Cirque du Soleil, the entertainment behemoth created by Guy Laliberté, is a binary creature—you either like its fusion of ballet and death-defying acrobatics or you don’t. Zarkana, which has returned for a second, slightly trimmed-down stint at Radio City Music Hall, pushes the show’s dark edges even further. But Cirque haters beware: You’d be missing out to avoid it. Zarkana, written and directed by François Girard, achieves an effect that borders on rapture.
Though story is only a peripheral requirement for this kind of spectacle, there is one here: Zark is a magician (played by Christian Goguen on the night I saw the show) navigating a haunted old theater where he has been trapped for years, longing to reunite with the love of his life. Along the way, he encounters ballerinas, mad scientists, French soldiers and even escaped prisoners.
Stéphane Roy has created a mammoth set in which even the pieces come to life: one arch morphs into a series of writhing snakes; another is a plant-like being with long, snaking arms; a third arch utilizes a pulley system. Along the way, Zark meets curiously exotic females (all portrayed by Meetu Chilana) displaying a distinctly non-human amount of derring-do. Those looking for a linear path from one sketch to the next will be at a loss. There’s no order of events, nor can one always decipher what the show’s characters are singing about—none of which really matters.
The crux of Zarkana, however, is the stunt work that Girard has created, and there are some real doozies here. For example, the Wheel of Death finds Junior Delgado and Carlos Martin moving upright on two rapidly spinning spheres. Anatoly Zalevskiy similarly fights gravity by balancing himself on his hands. And Carole Demers, supported by Johnny Gasser and Yuri Kreer, displays stunning feats on the Russian Bar. Meanwhile, feet firmly planted at all times, Erika Chen dazzles with her clever sand painting.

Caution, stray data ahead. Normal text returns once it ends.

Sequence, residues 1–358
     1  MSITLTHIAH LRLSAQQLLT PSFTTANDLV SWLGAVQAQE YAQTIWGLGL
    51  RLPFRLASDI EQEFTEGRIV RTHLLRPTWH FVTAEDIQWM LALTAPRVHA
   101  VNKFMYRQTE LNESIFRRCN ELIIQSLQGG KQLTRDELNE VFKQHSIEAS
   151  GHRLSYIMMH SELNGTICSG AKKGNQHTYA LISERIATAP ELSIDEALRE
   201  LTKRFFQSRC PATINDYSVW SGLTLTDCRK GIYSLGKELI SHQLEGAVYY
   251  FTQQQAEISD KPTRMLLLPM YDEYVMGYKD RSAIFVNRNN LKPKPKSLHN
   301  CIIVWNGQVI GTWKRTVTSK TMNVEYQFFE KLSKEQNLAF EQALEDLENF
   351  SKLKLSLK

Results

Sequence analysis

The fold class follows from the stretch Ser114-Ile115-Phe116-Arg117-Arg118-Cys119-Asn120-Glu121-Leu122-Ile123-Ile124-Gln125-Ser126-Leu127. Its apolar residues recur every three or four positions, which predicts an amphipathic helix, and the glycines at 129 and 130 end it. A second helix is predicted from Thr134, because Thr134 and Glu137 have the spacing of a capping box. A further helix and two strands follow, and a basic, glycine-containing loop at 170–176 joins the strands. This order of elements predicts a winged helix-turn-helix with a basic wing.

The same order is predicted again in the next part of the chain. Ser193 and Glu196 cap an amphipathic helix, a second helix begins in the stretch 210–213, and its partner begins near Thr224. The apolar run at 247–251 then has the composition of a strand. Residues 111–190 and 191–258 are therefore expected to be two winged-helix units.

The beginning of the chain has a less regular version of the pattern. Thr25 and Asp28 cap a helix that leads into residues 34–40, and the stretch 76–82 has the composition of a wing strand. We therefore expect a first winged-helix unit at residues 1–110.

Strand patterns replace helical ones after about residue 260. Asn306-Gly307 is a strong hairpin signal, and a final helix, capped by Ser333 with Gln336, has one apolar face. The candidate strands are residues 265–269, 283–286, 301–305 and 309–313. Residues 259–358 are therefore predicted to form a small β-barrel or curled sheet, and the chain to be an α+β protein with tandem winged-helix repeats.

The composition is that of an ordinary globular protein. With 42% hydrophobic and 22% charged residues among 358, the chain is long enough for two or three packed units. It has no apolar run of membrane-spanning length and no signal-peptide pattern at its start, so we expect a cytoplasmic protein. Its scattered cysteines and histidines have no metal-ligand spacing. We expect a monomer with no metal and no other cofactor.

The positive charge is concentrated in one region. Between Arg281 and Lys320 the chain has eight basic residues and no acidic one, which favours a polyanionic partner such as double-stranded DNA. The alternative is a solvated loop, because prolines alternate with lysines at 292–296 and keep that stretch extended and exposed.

Girard moves these vignettes along at a quick clip; no scene lasts too long. And Chilana and Goguen make for a dynamic duo—Chilana’s gorgeous voice haunts the cavernous Radio City space. Nor can one cannot understate Girard’s visual grandeur. His use of LED screens and ability to fill the venue’s enormous volume create some hypnotic visuals, including such menaces as snakes and spiders. Dark as it is, Girard works hard to make sure that the show remains family-friendly before verging on being frightening.
Those intending to see Zarkana—as all should—would do well to stay hungry. This production is a feast for the senses.
Through Sept. 2, Radio City Music Hall, 1260 6th Ave., www.cirquedusoleil.com/en/shows/zarkana/default.aspx
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